Rikki Crowley, aka Rica Shay, is part of the queer hip hop movement that’s currently taking over the US along with AB Soto, Sissy Nobby, Zebra Katz and of course, “Beyonce’s BFF”, Cazwell.
Although Rica Shay is fashionably late to the party, he’s made a big splash with his summer hit ‘Summer Realness’ alongside Big Dipper and there’s lots more to come….
What’s ‘Summertime Realness’ about?
I was thinking of past summers spent wrangling friends together for bbq’s and days at the beach. Short shorts, subway stations that feel like the inside of an oven, meeting sexy tourists and cutting all my t-shirts into tank tops…
Did you style the video?
I was the head stylist but I had a lot of help from the cast. I was lucky to have such a stylish group of kids to work with. Shay, one of the drag queens in the video, and Big Dipper were a lot of help…
How did you come to hook up with Big Dipper?
Big Dipper and I met through Dan Foley who had produced several of Big Dipper’s tracks including ‘Summertime Realness’. The first time I saw Big Dipper was last January when his video for ‘Drip Drop’ came out. I was intrigued by BD’s humor and the production value behind the video.
Are you dabbling in drag too? What’s your alter-ego’s name?
When I turned twenty-two I made it a point to start actively pushing myself creatively. I decided to take some time away from film school and work on some projects of my own. In the past two years I’ve dabbled in modelling, drag, music and burlesque. Each medium has opened my mind in new ways.
Rakita is a character from a short story I’ve been working on. She’s an alien princess who desires to come to Earth and become a super star. I think using the character as a drag persona would be a fun way to develop the story. There are a lot of ideas running through my head.
Who inspires you for your different characters and photo shoots?
I pull inspiration from a wide variety of artists and mediums. From musical acts like Missy Elliot and M.I.A to filmmakers like Darren Aronofsky, Allen Ball, and John Waters. I’ve always been a fan of sci-fi and post-apocalyptic stories and pull a lot of inspiration from those fantasy worlds.
When did you start to MC?
Hip Hop has all ways been my genre of choice. I grew up rapping along to
songs by Missy Elliot, Outkast, and Ludacris. I got into spoken word poetry when
I was nineteen and started show casing my rhymes at open mic poetry readings. But I didn’t start laying down my own lyrics to beats until January of this year. It’s a whole new world to me; I’m excited and intimidated by the entire process.
Have you found the gay scene to be helpful or is there a bitchy side ready to take you down?
There is always going to be a bitchy queen ready to take you down. The media has played a big part in portraying a gay man’s bitchy attitude as a positive thing. It’s turned a lot of guys in the community into the bullies we all had to deal with as kids. I try my best to avoid those bitchy queens and surround myself with people who are sweet and open-minded. For the most part I’ve experienced a lot of love and support from the queer community. I’ve spent the last two years nomadically travelling the States. I’ve been greeted with open arms and opportunities in a lot of different cities. I’m extremely lucky to have the support group I do.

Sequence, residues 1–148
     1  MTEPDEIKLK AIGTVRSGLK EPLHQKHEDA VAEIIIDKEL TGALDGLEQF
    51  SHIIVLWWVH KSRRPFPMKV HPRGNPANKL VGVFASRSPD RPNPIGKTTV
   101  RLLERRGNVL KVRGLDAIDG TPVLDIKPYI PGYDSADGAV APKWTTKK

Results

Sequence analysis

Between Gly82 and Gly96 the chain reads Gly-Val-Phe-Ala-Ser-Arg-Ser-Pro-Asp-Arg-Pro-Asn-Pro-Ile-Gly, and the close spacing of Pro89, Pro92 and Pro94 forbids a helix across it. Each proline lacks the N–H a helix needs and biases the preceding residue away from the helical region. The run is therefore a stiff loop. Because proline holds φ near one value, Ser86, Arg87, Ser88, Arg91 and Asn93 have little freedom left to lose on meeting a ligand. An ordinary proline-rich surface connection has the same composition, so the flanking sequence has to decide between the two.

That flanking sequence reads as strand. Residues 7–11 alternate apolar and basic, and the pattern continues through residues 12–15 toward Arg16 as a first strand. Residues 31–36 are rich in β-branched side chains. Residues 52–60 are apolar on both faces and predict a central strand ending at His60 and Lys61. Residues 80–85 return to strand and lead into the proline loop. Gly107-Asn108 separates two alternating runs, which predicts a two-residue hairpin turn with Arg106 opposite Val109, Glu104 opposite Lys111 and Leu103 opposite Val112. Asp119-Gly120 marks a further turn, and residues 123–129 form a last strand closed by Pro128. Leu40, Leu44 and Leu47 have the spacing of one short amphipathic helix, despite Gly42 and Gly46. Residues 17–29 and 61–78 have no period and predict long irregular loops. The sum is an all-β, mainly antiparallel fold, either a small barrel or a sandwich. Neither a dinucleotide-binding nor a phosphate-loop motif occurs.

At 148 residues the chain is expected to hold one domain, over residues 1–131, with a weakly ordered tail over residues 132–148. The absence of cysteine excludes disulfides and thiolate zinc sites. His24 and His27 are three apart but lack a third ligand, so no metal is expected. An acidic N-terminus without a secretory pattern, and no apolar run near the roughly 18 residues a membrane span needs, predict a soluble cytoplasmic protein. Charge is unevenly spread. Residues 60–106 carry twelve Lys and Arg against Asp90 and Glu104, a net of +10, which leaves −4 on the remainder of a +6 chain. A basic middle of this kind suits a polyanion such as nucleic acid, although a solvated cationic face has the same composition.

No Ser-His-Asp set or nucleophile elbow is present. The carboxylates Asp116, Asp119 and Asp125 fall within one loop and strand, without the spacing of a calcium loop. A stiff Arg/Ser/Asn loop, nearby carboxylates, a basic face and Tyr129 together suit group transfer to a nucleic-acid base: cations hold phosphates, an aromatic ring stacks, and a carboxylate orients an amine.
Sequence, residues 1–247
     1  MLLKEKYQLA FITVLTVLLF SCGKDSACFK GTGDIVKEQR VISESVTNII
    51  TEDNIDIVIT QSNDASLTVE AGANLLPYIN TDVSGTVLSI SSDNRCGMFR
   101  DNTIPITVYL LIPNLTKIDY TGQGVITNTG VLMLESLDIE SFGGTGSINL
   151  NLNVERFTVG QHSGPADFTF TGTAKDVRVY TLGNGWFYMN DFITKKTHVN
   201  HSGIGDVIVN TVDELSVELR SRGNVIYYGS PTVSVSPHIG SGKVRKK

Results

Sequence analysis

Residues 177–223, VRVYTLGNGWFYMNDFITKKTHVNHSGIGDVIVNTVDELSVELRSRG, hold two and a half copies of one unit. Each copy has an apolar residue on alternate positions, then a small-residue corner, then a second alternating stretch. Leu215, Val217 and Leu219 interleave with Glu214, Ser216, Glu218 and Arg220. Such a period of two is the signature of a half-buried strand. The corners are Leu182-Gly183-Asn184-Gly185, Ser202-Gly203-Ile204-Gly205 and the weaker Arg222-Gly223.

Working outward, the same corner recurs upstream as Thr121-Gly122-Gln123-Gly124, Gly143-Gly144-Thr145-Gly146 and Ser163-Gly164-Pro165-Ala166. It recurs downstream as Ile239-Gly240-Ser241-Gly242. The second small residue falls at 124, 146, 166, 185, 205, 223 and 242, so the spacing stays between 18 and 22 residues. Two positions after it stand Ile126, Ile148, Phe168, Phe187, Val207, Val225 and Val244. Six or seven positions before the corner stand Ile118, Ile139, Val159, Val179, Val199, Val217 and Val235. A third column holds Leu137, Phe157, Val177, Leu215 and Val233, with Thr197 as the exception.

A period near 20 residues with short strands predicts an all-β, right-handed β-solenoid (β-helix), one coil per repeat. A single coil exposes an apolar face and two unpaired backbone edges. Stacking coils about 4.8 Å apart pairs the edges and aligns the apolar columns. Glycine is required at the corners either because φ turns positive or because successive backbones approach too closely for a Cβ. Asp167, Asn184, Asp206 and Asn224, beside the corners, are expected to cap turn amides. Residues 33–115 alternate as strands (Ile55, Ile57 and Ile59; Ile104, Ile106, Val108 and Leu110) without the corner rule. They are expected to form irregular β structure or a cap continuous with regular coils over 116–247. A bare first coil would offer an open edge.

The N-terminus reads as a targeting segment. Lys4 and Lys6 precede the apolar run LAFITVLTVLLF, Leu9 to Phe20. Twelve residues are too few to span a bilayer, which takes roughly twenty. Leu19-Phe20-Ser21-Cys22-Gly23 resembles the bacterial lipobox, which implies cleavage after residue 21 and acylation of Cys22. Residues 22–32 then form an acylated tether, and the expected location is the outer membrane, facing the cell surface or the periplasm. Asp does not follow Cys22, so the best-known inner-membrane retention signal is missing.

Do you have a personal diva of choice?
In my eyes Yolandi Visser from Die Antwoord is the fiercest and most interesting Diva in the game. I love how she carries herself in her videos and lives for her fashions. Falling in line after her would have to be, Ana Matronic from the Scissior Sisters, Santigold, Nicki Minaj and of course Ru Paul.
Has Sharon Needles seen your rap?
Sharon did see my rap about her and was really sweet. I ended up meeting her shortly after I posted it and got her praise for the video. I was pleased that she knew I was intentionally being campy and was able to laugh at it. She even recited some of the lines which made me blush.
Do you have any pre-performance rituals?
As of right now my pre-performance rituals evolve; scattering around a club and dousing glitter over my dancers. Every time I hear my name being introduced for a performance I all ways say to myself “Bitch, you better bring it.”
There are a couple of photos of you naked. Do you have problems with nudity?
I’m clearly very comfortable being nude when it’s appropriate and I’ve always been a bit of an exhibitionist. I remember seeing Striptease staring Demi Moore when I was about ten and thinking I wanted to be a stripper when I grew up. I’ve most certainly fantasized about getting involved in porn, but at this point in my carrier I’m unsure if and when that fantasy will come true.
What is your ultimate goal?
For the most part my ultimate goal is to constantly grow and establish myself as an artist/entertainer. Like most starving artists I strive to support myself by doing what I love.
Will you be coming to the UK anytime soon?
I’m actually planning my first trip overseas after the New Year. London is high up on the list for places to visit as well as to perform in while I’m in Europe.
Did you ever question whether you were going to be a gay rapper or stay in the closet?
Coming out of the closet was hard. Once I was out I had no intention of going back in. When I started pursuing a career in entertainment it was very clear that I was going to market myself as an openly gay artist.
What do you make of gay entertainers who remain in the closet?
Personally I think the more openly gay entertainers there are, the better. It gives young queer youth a wide variety of role models and people to look up to. It also brings hope to the community that change is still happening and it will only get easier to be out in today society.